Dar es Salaam. Is it the availability of raw materials? Will it be the adoption of modern technology and financing? Or perhaps, infrastructure and a skilled labour force? What exactly will it take for Tanzania to realise the fifth phase administration’s industrial dream?
These are the questions that themed discussions among economic experts and stakeholders who took part in the 2018 Annual Congress organised two weeks ago in Dar es Salaam by the Economic Society of Tanzania (EST) -- a non-profit organisation promoting economic research and policy advocacy.
By and large, 2018 has been a mix of some smooth stretches and patches of rough roads here and there for the government as it continues the arduos journey towards industrialisation.
Key infrastructure projects
Significant strides have been made in the year -- with the government rolling out some of the key infrastructure projects that will largely determine the success of the ambitious plan to transform Tanzania into a middle-class, industry-based economy by the year 2025.
Among these are the $3 billion Stiegler’s Gorge hydro-electric power plant on the Rufiji River, which is envisaged to double the country’s electricity supply. It is expected to play a critical role in providing power to industry.
The construction of major roads linking regions, and the country with its neighbours is underway, as the government forges ahead with its agenda.
Dr Tausi Kida, executive director of the Economic and Social Research Foundation (ESRF) and EST vice president, said infrastructure development will play a major role in Tanzania’s bid to industrialise.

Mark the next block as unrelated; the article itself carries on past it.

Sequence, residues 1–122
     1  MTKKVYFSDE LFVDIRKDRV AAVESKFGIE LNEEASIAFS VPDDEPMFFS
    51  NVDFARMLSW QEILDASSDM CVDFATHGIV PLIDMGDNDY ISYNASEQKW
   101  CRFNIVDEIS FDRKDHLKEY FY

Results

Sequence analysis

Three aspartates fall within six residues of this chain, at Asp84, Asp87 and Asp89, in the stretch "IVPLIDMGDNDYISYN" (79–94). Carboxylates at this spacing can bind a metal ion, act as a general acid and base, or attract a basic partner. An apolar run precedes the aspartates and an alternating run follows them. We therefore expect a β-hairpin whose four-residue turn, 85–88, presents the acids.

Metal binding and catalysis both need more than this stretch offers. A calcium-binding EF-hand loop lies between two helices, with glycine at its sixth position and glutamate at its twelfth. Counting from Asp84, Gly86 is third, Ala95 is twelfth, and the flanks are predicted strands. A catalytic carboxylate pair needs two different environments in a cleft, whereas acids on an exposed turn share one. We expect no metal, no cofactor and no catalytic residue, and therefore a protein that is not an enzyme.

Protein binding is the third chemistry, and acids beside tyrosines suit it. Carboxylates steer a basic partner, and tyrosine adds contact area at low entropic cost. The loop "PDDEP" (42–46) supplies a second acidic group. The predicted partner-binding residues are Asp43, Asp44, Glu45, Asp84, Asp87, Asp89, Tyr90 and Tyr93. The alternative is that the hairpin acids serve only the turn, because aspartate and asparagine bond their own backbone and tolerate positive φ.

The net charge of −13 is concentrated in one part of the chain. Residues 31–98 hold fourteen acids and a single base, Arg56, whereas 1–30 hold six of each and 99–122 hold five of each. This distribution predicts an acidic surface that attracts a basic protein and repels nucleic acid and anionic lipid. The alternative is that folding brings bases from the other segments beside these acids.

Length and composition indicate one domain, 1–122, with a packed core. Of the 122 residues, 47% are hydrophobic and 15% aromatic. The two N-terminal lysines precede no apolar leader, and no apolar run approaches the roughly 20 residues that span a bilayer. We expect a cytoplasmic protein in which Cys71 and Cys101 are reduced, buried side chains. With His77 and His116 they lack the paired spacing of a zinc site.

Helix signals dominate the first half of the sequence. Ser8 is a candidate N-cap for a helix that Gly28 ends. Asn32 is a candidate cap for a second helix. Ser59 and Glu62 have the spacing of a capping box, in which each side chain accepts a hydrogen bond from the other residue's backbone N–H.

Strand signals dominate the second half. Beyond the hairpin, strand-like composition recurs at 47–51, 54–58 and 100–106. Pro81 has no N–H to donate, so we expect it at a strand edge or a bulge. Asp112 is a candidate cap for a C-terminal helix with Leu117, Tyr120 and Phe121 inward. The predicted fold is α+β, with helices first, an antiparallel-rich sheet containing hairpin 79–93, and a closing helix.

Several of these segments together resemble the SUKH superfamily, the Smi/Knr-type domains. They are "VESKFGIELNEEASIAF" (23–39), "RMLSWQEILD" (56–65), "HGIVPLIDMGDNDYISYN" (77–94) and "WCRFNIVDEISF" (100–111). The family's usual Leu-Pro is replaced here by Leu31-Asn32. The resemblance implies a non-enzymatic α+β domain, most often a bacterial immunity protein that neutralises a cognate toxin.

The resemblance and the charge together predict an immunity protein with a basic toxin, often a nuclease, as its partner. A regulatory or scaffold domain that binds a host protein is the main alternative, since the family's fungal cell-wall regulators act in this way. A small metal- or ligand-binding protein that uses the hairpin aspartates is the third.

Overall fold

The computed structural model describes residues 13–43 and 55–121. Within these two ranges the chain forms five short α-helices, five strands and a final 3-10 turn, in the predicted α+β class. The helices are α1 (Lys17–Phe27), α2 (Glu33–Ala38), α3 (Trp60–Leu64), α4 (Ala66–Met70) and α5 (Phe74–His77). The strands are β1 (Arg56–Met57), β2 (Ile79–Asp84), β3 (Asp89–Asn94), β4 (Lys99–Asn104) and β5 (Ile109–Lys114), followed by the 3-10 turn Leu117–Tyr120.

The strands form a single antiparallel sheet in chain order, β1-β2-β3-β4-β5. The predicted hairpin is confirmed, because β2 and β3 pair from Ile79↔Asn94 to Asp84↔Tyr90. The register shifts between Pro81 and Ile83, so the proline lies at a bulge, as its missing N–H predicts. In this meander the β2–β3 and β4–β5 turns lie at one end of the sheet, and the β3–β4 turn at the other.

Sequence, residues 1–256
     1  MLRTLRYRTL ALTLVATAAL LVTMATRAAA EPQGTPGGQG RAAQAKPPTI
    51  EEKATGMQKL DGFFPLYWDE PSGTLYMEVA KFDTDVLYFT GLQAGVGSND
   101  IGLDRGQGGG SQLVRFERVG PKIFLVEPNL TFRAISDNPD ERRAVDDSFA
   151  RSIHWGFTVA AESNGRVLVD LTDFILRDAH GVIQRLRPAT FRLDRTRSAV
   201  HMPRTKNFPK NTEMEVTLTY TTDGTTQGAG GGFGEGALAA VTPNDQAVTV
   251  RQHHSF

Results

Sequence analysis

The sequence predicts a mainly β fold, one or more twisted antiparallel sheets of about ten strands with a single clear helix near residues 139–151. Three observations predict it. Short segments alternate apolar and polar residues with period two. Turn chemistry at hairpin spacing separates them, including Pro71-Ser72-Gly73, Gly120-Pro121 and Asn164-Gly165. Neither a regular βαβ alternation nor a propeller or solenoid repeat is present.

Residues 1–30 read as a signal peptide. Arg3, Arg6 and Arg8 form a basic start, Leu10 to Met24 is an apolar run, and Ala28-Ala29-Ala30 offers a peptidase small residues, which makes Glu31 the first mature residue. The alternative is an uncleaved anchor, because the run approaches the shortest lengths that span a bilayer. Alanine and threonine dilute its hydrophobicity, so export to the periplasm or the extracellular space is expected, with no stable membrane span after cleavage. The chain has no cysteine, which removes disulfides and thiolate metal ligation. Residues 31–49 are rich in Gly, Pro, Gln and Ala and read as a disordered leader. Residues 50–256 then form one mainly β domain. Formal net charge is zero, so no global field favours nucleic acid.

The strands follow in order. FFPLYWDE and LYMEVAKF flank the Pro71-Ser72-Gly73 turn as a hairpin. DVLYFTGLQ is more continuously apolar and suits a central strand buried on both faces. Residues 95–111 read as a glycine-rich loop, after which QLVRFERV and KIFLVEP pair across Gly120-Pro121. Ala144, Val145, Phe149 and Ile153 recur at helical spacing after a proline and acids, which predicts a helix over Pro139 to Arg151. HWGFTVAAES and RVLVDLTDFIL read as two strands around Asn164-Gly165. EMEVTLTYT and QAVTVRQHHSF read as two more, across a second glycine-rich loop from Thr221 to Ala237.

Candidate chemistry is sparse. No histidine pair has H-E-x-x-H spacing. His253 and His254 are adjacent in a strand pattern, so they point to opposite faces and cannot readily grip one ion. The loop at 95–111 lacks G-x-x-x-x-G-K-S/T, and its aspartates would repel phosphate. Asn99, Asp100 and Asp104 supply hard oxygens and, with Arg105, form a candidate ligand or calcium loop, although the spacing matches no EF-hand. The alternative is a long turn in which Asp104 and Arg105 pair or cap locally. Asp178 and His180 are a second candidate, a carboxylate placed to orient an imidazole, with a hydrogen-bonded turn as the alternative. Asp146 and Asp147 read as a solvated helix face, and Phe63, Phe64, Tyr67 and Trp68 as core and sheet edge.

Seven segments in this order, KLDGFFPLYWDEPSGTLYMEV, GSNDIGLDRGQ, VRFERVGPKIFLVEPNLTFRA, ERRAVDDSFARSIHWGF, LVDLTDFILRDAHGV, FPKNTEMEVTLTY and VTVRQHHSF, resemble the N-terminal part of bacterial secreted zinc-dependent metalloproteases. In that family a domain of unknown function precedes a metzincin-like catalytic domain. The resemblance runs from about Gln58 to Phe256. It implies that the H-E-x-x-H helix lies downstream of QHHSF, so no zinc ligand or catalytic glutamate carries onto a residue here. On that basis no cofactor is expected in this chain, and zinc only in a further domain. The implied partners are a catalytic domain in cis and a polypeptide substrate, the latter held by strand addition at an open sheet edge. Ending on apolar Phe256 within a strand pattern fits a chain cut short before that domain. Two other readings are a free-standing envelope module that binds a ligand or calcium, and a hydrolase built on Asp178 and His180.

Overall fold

“Without adequate infrastructure, this (industrialisation) won’t happen,” she said as she delivered a summary of discussions at the EST annual meeting a fortnight ago.
The theme of the conference was ‘Industrialisation for inclusive development in Tanzania”. Economic experts sought to dig deeper into the major factors on which the success of industriliasation will depend.
Three ‘cross-cutting’ factors
Former Bank of Tanzania (BoT) governor Professor Benno Ndulu, who is the EST president, said discussion on industrialisation in Tanzania should focus on three cross-cutting factors, namely: Competitiveness, Connectedness and Capabilities (3Cs).
Explaining ‘Competitiveness’, Prof Ndulu noted that it does not begin and end with the question of low cost at the factory levels, but also beyond.
“When products leave the factory, when you now have to deal with logistics and transportation, we face a challenge there. That is why we become non-competitive,” he said.
He said Tanzania had to identify key areas where it could enjoy competitive advantage. More so, he said ‘Competitiveness’ also considered the flooding of the local market with cheap imports.
There is also the challenge of rampant trade in counterfeit goods. These are likely to be a stumbling block to local industry if not addressed.
Openness to trade
‘Connectedness’ includes openness to trade, because the Tanzanian market is not large enough for the kind of industrialisation the government wants to achieve, he noted, adding that the country can’t produce goods only for the Tanzanian economy.
On ‘Capabilities’, Professor Ndulu said the most important issues is skills. “This is what has made a difference in other places; capability has to be created or be enabled.”
In his weekly column for The Citizen, Prof Honest Ngowi, professor of economics and principal of Mzumbe University (Dar es Salaam campus), noted that labour is a huge challenge the government is facing in its industrialisation drive.
“Skills that are in short supply relative to the demand for the same are soft skills such as trust, creativity, innovation, team spirit, communication, courage and many others along that line,” he noted, adding that, “There is also scarcity of hard skills especially of some particular kind of industrial experts.”
The deputy minister for Finance and Planning, Dr Ashatu Kijaji, said the Tanzanian economy faced a major challenge in ‘Capabilities’.
According to Dr Ashatu, the 2017 World Bank report on human resources investment, ranked Tanzania 112 out of 130 countries.
“We do invest in human resources, but the challenge is innovation. Most of our graduates fall short when it comes to innovation,” she said.
Dr Ashatu also emphasised on inclusiveness saying that the government was striving to reach the majority of Tanzanians at the village level.
“We need small industries in villages; the government has invested in rural energy projects because industrialisation need energy,” she said.